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Home NEWS Interest Cap Law Locks Out 1.2m Small Businesses and Individual Borrowers – KBA

Interest Cap Law Locks Out 1.2m Small Businesses and Individual Borrowers – KBA

Interest Cap Law Locks Out 1.2m Small Businesses and Individual Borrowers – KBA
L-R Nuru Mugambi (Director of Communications and Public Affairs, KBA), Dr. Habil Olaka (CEO, KBA) and Jared Osoro (Director Research and Policy, KBA)

The Kenya Bankers Association (KBA) has made public its third report on the effect of the interest capping law which prohibits banks to price loans at four percent above the Central Bank Rate (CBR).

The report indicates that the interest capping law has been a failure because it has not increased the access to credit form MSMEs and households. Instead, the law has made it difficult for the aforementioned parties to access credit with the number of loan accounts dropping by 1.2 million accounts between 2016 and 2017.

“The formulation of the Banking (Amendment) Act 2016 was motivated by the need to increase credit uptake by facilitating access to loans, particularly for micro and small enterprises and households.

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Further, the legislation sought to enhance economic growth by promoting a savings culture through interest rates regulation, a radical shift from conventional principles of a market-driven business environment,” said Habil Olaka, chief executive KBA during the report released today.

Moreover, the average loan size has surged 47 percent, an indication that established and larger companies are accessing capital more easily than micro enterprises which are one of the largest contributors to the country’s economic growth.

Dr Olaka said: “This is a clear indication that the law has not succeeded in increasing access to loans to the lower cadre of the economy, but rather created conditions that favour the upper end of the economy. The survey further shows a significant slowdown in private sector credit. Indeed, the rate of credit growth was already on a downward trend, but we can demonstrate that the Act introduced a distortion which the credit markets have not been able to recover from. Typically, the market can rebound within three months of a shock, but in this case, the rate caps have prolonged if not exacerbated the declining trend of credit growth”.


The report originated from one of KBA’s surveys that have indicated a constant trend of the negative impact of the Banking (Amendment) Act introduced in the third quarter of 2016.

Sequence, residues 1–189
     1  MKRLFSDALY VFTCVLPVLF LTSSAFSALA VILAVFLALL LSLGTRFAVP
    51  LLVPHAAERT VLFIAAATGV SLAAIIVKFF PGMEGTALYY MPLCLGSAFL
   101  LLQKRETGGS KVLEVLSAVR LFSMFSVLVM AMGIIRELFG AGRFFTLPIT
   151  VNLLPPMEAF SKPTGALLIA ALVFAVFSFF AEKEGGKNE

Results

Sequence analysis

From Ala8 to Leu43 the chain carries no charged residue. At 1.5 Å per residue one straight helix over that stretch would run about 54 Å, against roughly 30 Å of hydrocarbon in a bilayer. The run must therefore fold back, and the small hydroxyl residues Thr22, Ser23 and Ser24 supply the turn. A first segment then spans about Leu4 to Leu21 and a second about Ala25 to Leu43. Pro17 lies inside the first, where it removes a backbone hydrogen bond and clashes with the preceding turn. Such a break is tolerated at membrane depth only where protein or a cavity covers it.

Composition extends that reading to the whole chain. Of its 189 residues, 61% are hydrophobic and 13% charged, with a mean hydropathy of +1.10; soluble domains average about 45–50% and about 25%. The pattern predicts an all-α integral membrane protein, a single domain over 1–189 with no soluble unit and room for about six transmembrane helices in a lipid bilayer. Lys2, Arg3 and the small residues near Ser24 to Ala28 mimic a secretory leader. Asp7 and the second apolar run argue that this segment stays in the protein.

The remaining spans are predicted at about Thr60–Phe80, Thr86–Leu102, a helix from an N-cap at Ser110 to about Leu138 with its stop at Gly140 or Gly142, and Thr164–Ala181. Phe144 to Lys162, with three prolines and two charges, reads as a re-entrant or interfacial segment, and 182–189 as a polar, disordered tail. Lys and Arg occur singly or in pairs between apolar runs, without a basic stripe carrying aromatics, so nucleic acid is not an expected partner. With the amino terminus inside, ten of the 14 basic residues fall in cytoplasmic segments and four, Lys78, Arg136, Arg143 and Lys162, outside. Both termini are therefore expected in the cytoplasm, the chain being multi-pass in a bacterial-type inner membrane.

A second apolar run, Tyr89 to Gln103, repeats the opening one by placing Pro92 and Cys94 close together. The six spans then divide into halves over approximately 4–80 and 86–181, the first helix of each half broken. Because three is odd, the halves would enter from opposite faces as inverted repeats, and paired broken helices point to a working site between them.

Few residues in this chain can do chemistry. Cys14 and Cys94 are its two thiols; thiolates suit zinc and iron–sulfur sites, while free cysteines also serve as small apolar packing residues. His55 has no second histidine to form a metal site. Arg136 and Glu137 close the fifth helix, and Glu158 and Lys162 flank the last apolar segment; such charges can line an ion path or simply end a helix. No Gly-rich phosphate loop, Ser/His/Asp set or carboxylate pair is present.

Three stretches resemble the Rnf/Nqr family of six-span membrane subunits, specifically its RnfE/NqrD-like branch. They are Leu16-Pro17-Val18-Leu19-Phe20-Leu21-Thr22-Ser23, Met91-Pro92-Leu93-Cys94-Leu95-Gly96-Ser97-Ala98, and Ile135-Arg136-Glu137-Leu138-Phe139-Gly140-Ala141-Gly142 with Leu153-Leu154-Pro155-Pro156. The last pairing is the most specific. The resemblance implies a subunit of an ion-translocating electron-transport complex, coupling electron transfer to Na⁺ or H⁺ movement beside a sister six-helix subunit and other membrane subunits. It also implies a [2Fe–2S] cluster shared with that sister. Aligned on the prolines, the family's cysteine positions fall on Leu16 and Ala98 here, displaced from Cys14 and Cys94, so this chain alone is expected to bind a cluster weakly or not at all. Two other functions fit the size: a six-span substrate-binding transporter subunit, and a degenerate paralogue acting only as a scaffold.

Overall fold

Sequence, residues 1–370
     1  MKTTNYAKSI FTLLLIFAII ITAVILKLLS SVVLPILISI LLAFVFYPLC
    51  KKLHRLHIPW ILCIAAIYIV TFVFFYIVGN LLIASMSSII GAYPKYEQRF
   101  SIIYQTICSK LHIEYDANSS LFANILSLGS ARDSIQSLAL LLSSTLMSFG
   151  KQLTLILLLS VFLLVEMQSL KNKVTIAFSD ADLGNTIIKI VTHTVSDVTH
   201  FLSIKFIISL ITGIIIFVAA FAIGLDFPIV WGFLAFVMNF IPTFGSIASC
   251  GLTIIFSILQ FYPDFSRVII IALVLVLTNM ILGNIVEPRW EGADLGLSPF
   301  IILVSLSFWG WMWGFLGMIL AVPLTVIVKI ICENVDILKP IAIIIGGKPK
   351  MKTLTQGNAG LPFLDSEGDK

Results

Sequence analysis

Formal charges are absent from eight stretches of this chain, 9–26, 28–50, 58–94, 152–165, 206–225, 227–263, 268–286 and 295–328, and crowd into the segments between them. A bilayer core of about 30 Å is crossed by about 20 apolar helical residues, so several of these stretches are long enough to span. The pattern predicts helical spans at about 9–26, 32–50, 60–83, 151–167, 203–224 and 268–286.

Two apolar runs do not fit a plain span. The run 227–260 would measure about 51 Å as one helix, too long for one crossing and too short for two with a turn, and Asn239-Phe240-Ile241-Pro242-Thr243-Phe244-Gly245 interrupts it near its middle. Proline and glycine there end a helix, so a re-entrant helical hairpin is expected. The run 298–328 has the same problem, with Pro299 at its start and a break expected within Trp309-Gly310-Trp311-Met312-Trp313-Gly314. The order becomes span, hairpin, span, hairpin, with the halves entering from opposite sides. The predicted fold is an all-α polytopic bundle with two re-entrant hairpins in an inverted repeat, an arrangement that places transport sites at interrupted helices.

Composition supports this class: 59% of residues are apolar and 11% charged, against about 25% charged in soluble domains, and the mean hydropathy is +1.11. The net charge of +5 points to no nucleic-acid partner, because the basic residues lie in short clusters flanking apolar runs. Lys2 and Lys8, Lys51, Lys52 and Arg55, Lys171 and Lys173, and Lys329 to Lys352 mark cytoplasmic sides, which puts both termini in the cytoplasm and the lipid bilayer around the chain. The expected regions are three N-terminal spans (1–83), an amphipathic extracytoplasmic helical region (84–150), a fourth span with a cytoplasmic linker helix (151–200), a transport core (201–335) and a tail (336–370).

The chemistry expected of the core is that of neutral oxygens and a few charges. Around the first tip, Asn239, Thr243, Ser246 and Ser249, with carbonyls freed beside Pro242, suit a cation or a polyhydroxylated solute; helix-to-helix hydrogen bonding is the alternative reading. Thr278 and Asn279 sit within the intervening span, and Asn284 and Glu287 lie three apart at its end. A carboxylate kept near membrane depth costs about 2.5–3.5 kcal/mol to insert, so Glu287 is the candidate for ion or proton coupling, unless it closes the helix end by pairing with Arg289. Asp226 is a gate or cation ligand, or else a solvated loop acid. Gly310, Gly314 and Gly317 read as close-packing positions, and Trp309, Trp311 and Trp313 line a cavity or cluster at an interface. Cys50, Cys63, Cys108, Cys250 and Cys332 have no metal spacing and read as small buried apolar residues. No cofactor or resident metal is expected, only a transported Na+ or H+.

KBA discovered that the credit markets experienced five shocks between 2012 and 2017 but recovered after three months at each event. However, the same has not happened with the rate capping law.

“If this price control was good for the economy, the credit market would have seen an uptick by January 2017. The fact that credit growth has continued to decline up to 14 months later means the caps are stalling the recovery and thus pulling down our economy,” said Olaka adding that the idea that lower cost of credit would result in the “reversal of the declining rate of growth has been reversed beyond all doubt.”


According to KBA, the current environment has left banks with fewer options because of increased sensitivity to risk and increasing non-performing loans. As a result, the credit market has settled on short-term and low-risk loans.

The law has also caused a crowding-out effect where government securities have become a more desirable investment than private sector enterprises.

The controlled environment has also pushed banks to adopt technology and carry out staff and branch rationalisation. In 2017, over 20 banks branches shut down and more than 1,400 bank employees were sacked.

“Following these developments, KBA firmly believes that arbitrary price controls are neither in the best interests of the broader economy nor the households and businesses that the legislature sought to support. [We, therefore,] take this opportunity to call on all stakeholders to chart the best way forward that serves the interest of the economy while promoting financial inclusion and consumer protection,” Olaka said.

Olaka also highlighted that KBA is committed to addressing the problems the public wants to be solved including improving pricing transparency, industry ethics and governance, and promoting enterprise development and SMEs.

The financial sector through KBA had introduced various initiatives like the Cost of Credit Website ( which enables borrowers to compare bank loans and the Inuka SME Capacity Development Program (

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